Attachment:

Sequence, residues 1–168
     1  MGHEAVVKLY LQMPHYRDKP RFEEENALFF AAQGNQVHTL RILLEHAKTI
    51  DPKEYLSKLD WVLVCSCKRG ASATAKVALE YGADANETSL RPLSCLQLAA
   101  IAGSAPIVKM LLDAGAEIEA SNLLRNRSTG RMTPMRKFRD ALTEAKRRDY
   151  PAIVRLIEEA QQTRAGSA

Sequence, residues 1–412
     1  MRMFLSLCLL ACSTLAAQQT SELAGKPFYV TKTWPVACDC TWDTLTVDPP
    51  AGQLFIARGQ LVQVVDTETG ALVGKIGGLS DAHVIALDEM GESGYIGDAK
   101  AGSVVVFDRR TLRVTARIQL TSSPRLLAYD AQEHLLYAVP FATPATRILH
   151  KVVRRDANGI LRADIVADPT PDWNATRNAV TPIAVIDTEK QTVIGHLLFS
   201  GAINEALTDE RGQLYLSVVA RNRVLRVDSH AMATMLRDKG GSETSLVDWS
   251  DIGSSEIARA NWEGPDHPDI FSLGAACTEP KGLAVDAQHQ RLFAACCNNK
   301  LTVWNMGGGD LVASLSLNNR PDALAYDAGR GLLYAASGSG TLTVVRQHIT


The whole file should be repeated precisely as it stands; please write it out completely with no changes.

Sequence, residues 1–168
     1  MGHEAVVKLY LQMPHYRDKP RFEEENALFF AAQGNQVHTL RILLEHAKTI
    51  DPKEYLSKLD WVLVCSCKRG ASATAKVALE YGADANETSL RPLSCLQLAA
   101  IAGSAPIVKM LLDAGAEIEA SNLLRNRSTG RMTPMRKFRD ALTEAKRRDY
   151  PAIVRLIEEA QQTRAGSA

Sequence, residues 1–412
     1  MRMFLSLCLL ACSTLAAQQT SELAGKPFYV TKTWPVACDC TWDTLTVDPP
    51  AGQLFIARGQ LVQVVDTETG ALVGKIGGLS DAHVIALDEM GESGYIGDAK
   101  AGSVVVFDRR TLRVTARIQL TSSPRLLAYD AQEHLLYAVP FATPATRILH
   151  KVVRRDANGI LRADIVADPT PDWNATRNAV TPIAVIDTEK QTVIGHLLFS
   201  GAINEALTDE RGQLYLSVVA RNRVLRVDSH AMATMLRDKG GSETSLVDWS
   251  DIGSSEIARA NWEGPDHPDI FSLGAACTEP KGLAVDAQHQ RLFAACCNNK
   301  LTVWNMGGGD LVASLSLNNR PDALAYDAGR GLLYAASGSG TLTVVRQHIT